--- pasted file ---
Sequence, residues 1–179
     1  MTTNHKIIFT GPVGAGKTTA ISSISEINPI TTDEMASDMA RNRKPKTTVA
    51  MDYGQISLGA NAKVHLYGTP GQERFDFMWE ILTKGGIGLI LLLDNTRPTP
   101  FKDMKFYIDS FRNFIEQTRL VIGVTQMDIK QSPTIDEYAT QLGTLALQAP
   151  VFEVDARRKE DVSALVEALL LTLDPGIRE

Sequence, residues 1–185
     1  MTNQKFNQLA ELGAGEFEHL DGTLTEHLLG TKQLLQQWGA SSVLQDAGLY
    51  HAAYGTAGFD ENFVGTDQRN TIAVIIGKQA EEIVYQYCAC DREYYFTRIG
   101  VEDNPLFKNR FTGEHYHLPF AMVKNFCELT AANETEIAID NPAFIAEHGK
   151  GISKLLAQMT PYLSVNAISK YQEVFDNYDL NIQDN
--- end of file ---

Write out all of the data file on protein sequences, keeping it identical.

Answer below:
Sequence, residues 1–179
     1  MTTNHKIIFT GPVGAGKTTA ISSISEINPI TTDEMASDMA RNRKPKTTVA
    51  MDYGQISLGA NAKVHLYGTP GQERFDFMWE ILTKGGIGLI LLLDNTRPTP
   101  FKDMKFYIDS FRNFIEQTRL VIGVTQMDIK QSPTIDEYAT QLGTLALQAP
   151  VFEVDARRKE DVSALVEALL LTLDPGIRE

Sequence, residues 1–185
     1  MTNQKFNQLA ELGAGEFEHL DGTLTEHLLG TKQLLQQWGA SSVLQDAGLY
    51  HAAYGTAGFD ENFVGTDQRN TIAVIIGKQA EEIVYQYCAC DREYYFTRIG
   101  VEDNPLFKNR FTGEHYHLPF AMVKNFCELT AANETEIAID NPAFIAEHGK
   151  GISKLLAQMT PYLSVNAISK YQEVFDNYDL NIQDN